P. Lee Ferguson

P. Lee Ferguson

Associate Professor of Civil and Environmental Engineering

Dr. Ferguson is an Environmental Analytical Chemist who joined Duke in 2009 after six years as an assistant professor in the Department of Chemistry & Biochemistry at the University of South Carolina.

Research in the Ferguson laboratory is focused on development of novel methods for trace analysis of organic and nanoparticulate contaminants in the aquatic environment. Specifically, the laboratory uses high performance mass spectrometry techniques (e.g. UHPLC-Orbitrap MS/MS) to detect, identify, and quantify emerging contaminants (including endocrine disruptors, pharmaceuticals, and surfactants) in wastewater and drinking water. Another significant research thrust involves the development of sensitive trace analytical techniques for quantifying and characterizing single-walled carbon nanotubes in water, sediment, and aquatic organism tissues. For this work, near infrared fluorescence spectroscopy (NIRF) is used as a primary tool for resolving these novel nanoparticulate contaminants in highly complex environmental mixtures.

The analytical methods developed in the Ferguson laboratory laboratory (for both nanoparticles and organic contaminants) are applied to both process-oriented environmental chemistry experiments in the field and laboratory as well as to toxicity bioassays (including whole-organism assays and molecular endpoints). The overarching goal is to gain an increased understanding of how emerging contaminants are transported, transformed and induce deleterious effects within aquatic ecosystems.

Appointments and Affiliations

  • Associate Professor of Civil and Environmental Engineering
  • Associate Professor of Environmental Sciences and Policy
  • Associate Professor in the Department of Chemistry

Contact Information


  • Ph.D. State University of New York at Stony Brook, 2002

Research Interests

Environmental analytical chemistry and applications of high resolution mass spectrometry to trace organic contaminant analysis, environmental fate and effects of carbon nanomaterials in the aquatic environment, proteomics in environmental toxicology, and mechanisms of environmental endocrine disruption in aquatic organisms


Environmental Engineering
Environmental Impacts

Awards, Honors, and Distinctions

  • Kavli Frontiers of Science Fellow. National Academy of Sciences. 2011
  • Outstanding Performance Award. Fundamental Science Directorate, Pacific Northwest National Laboratory. 2003
  • President's Award to Distinguished Doctoral Students. Stony Brook University. 2002
  • Honorable Mention. National Science Foundation Graduate Fellowship Competition. 1998
  • U.S. EPA STAR Graduate Fellowship. Environmental Protection Agency. 1998
  • Belle W. Baruch Outstanding Undergrduate in Marine Science Award. University of South Carolina. 1997
  • Howard Hughes Undergraduate Research Fellow. University of South Carolina. 1996
  • Senior Scholars Scholarship. University of South Carolina. 1996
  • Undergraduate Research Fellow, South Carolina EPSCoR. National Science Foundation. 1995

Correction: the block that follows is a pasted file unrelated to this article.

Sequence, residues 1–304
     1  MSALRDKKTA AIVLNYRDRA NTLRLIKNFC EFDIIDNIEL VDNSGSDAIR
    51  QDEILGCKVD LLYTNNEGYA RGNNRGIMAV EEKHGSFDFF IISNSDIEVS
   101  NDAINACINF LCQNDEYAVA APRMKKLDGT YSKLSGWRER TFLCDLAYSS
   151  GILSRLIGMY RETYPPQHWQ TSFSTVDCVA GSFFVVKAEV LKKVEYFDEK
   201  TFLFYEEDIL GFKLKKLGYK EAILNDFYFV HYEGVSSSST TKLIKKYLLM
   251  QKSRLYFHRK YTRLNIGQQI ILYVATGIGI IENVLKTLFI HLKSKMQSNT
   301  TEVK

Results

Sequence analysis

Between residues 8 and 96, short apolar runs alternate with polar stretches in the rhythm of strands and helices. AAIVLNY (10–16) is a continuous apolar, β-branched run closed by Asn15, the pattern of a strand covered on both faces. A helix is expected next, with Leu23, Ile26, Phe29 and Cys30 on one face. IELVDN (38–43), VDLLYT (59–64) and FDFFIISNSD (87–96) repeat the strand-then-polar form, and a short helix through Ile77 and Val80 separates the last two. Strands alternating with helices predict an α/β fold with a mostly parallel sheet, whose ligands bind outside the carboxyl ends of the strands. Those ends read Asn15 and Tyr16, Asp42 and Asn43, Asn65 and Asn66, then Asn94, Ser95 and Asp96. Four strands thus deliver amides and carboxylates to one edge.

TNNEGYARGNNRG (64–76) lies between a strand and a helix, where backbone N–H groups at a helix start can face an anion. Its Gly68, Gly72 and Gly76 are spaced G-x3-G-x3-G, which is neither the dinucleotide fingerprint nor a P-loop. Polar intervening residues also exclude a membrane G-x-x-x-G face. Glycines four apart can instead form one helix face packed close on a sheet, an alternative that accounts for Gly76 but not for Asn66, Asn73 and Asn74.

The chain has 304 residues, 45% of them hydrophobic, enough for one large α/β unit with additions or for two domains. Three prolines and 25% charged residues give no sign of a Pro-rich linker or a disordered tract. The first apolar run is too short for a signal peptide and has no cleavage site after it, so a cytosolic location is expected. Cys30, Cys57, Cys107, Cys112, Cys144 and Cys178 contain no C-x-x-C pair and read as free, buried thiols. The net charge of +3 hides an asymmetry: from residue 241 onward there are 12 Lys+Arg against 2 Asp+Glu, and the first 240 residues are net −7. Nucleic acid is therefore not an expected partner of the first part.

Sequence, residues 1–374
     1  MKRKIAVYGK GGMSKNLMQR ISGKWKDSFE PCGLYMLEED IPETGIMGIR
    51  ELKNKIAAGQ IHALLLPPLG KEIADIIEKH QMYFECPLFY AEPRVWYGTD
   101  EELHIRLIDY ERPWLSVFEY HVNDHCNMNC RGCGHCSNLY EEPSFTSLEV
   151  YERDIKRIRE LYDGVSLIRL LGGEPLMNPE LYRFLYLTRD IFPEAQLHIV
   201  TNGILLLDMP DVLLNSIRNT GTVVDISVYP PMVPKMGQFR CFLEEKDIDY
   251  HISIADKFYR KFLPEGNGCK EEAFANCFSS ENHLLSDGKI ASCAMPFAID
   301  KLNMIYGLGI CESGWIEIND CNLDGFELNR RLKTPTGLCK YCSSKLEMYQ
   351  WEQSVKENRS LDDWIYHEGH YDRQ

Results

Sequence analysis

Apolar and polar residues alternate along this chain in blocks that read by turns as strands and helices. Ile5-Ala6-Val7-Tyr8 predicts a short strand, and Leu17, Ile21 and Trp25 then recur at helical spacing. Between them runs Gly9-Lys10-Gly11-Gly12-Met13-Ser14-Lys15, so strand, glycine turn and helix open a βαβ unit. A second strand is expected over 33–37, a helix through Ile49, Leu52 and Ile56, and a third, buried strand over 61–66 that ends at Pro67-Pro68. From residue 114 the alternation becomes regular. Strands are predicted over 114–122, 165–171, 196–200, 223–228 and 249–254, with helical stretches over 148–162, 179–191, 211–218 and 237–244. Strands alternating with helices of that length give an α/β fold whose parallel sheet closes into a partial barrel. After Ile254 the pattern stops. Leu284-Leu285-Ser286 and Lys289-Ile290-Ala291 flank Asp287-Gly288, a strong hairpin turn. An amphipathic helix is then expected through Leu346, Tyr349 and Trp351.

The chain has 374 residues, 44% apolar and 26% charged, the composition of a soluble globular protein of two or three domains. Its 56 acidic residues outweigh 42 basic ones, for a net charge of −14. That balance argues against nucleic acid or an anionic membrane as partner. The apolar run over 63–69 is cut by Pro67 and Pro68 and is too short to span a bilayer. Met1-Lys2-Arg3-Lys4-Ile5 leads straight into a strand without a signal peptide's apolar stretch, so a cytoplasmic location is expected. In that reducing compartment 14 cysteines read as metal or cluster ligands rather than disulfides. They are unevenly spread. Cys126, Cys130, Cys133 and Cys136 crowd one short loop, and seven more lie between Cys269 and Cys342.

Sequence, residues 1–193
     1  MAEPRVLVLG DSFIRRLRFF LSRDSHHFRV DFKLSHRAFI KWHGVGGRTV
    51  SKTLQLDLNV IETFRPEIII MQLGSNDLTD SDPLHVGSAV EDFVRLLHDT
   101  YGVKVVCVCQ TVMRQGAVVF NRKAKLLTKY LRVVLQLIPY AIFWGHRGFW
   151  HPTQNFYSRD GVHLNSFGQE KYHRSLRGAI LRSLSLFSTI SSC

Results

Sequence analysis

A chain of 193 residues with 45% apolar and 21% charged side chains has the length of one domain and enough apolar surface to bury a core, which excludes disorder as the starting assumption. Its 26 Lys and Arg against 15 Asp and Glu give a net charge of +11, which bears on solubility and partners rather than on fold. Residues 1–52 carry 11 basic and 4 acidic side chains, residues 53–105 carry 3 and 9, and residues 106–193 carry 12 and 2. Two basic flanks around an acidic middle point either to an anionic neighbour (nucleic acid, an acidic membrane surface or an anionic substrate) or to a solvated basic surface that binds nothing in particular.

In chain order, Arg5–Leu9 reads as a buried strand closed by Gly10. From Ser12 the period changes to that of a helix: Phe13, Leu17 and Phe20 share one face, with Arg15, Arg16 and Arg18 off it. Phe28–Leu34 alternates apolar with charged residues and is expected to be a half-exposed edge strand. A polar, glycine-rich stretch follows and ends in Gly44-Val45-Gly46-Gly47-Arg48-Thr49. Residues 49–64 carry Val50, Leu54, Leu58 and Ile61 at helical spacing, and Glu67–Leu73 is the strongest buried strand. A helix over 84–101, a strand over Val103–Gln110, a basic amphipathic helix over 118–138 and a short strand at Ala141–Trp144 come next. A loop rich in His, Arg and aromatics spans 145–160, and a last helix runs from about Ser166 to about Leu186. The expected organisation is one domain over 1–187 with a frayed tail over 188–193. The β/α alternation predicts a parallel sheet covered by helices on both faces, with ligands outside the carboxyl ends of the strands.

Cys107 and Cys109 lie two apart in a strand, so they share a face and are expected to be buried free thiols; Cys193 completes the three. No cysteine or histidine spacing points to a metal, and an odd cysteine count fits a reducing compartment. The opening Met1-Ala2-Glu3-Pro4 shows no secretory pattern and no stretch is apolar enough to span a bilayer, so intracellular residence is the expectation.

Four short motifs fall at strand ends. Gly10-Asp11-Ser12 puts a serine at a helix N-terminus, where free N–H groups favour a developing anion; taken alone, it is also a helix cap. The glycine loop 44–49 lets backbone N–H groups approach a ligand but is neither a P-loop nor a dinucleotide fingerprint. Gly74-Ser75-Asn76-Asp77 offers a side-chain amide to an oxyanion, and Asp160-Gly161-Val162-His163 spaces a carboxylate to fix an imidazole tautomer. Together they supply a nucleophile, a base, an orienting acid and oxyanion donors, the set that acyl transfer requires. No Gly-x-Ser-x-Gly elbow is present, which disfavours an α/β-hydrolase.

Courses Taught

  • CEE 461L: Chemical Principles in Environmental Engineering
  • CEE 561L: Environmental Aquatic Chemistry
  • CEE 565: Environmental Analytical Chemistry
  • CEE 667: Chemical Transformation of Environmental Contaminants
  • CEE 690: Advanced Topics in Civil and Environmental Engineering
  • ENVIRON 542L: Environmental Aquatic Chemistry
  • ENVIRON 566: Environmental Analytical Chemistry
  • ENVIRON 593: Independent Studies and Projects
  • ENVIRON 667: Chemical Transformation of Environmental Contaminants
  • ENVIRON 899: Master's Project
  • ENVIRON 997: Duke Environmental Leadership: Independent Studies and Projects
  • ENVIRON 999: Duke Environmental Leadership: Master's Project

In the News

Representative Publications

  • Stravs, MA; Mechelke, J; Ferguson, PL; Singer, H; Hollender, J, Microvolume trace environmental analysis using peak-focusing online solid-phase extraction-nano-liquid chromatography-high-resolution mass spectrometry., Analytical and Bioanalytical Chemistry, vol 408 no. 7 (2016), pp. 1879-1890 [abs].
  • Czaplicki, LM; Cooper, E; Ferguson, PL; Stapleton, HM; Vilgalys, R; Gunsch, CK, A New Perspective on Sustainable Soil Remediation-Case Study Suggests Novel Fungal Genera Could Facilitate in situ Biodegradation of Hazardous Contaminants, Remediation, vol 26 no. 2 (2016), pp. 59-72 [10.1002/rem.21458] [abs].
  • Li, HX; Getzinger, GJ; Ferguson, PL; Orihuela, B; Zhu, M; Rittschof, D, Effects of Toxic Leachate from Commercial Plastics on Larval Survival and Settlement of the Barnacle Amphibalanus amphitrite., Environmental Science & Technology, vol 50 no. 2 (2016), pp. 924-931 [abs].
  • Getzinger, GJ; O'Connor, MP; Hoelzer, K; Drollette, BD; Karatum, O; Deshusses, MA; Ferguson, PL; Elsner, M; Plata, DL, Natural Gas Residual Fluids: Sources, Endpoints, and Organic Chemical Composition after Centralized Waste Treatment in Pennsylvania., Environmental Science & Technology, vol 49 no. 14 (2015), pp. 8347-8355 [abs].
  • Bisesi, J; Ngo, T; Ponnavolu, S; Liu, K; Lavelle, C; Afrooz, ARM; Saleh, N; Ferguson, P; Denslow, N; Sabo-Attwood, T, Examination of Single-Walled Carbon Nanotubes Uptake and Toxicity from Dietary Exposure: Tracking Movement and Impacts in the Gastrointestinal System, Nanomaterials, vol 5 no. 2 (2015), pp. 1066-1086 [10.3390/nano5021066] [abs].